Cooking up your bowfish gar

Chris Funk shows Jameson Redding how to prepare and cook up a gar taken during their recent Inside and Out video on bowfishing from paddleboards. In the full version of the show, Funk also cooks up sucker fish and details the why and how he makes use of the carp they shoot with a bow while paddling at night.

While “kill it and grill it” is the downhome way of describing the basic ethic of anyone who participates in the take of wildlife, many folks who don’t gather and kill their own food don’t understand the true respect the men and women who hunt and fish have for the species they target. It’s called honoring your kill and the best way to do that is, well, cook ’em up!

First you have to get at the meat of the bowfish gar. Funk has devised a sharpened metal tool (he notes some use tin snips) to help him penetrate the tough hide of the gar and dig out the boneless white meat fillets inside. Check out how he uses chili sauce as a binder for his batter before he pops the gar in the oil and they pop golden brown ready to eat.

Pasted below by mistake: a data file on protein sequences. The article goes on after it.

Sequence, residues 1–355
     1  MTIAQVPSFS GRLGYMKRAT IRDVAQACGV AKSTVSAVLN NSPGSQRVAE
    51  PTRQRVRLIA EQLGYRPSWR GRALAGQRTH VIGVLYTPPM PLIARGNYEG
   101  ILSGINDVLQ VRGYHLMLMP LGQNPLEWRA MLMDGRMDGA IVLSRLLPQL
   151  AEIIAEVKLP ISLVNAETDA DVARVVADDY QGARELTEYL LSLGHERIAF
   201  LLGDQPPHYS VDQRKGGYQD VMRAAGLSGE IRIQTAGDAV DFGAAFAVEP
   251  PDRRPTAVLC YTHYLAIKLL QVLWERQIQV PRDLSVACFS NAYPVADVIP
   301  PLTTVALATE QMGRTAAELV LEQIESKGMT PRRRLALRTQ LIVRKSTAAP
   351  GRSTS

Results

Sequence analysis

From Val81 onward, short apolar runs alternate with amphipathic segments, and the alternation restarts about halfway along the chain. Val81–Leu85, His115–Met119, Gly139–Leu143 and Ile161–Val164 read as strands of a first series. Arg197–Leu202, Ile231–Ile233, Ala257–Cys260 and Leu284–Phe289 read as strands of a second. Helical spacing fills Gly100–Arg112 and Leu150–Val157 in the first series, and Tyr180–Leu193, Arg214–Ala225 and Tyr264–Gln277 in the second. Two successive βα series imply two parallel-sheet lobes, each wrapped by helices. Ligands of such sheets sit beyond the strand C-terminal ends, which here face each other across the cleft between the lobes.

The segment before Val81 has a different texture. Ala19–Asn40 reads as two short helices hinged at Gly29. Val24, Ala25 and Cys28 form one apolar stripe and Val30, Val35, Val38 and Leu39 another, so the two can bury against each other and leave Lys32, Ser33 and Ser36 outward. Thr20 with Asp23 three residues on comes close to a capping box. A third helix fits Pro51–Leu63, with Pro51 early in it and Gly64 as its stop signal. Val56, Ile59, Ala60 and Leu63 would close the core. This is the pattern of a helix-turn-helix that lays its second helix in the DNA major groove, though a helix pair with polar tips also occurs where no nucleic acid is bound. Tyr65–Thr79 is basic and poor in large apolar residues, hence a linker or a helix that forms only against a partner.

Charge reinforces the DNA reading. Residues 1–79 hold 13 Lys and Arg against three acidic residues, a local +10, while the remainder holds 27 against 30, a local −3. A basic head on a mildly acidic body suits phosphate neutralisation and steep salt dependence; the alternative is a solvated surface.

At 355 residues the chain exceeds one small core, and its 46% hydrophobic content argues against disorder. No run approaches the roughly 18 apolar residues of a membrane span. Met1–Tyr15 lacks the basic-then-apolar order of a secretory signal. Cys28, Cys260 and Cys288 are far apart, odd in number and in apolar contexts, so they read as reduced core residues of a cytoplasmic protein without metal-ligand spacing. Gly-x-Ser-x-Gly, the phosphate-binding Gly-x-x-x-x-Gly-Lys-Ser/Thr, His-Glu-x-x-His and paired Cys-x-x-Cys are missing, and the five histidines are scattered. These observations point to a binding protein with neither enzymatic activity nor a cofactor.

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Ethan Funk pulls in a gar taken on bowfish tackle from a paddleboard. Photo Chris Funk.

When you watch the full version, you’ll see how Funk makes multiple slices in the sucker fillets and then uses a coarse cornmeal breading to keep the cracks open and let the oil fry away the bones.

As for the carp, while considered a delicacy in many parts of the world and plenty good enough to eat in others, Funk explains that the carp in Alabama and Georgia carry levels of mercury that make it not safe for the plate on a regular basis. An invasive/introduced species, carp root around in the mud of rivers and lakes and the dispersed sediment covers spawning beds of native species and destroys native vegetation. Carp do make excellent fertilizer for the farm, garden or deer plot.

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Ethan’s Carp Tops Bowfishing with the Funks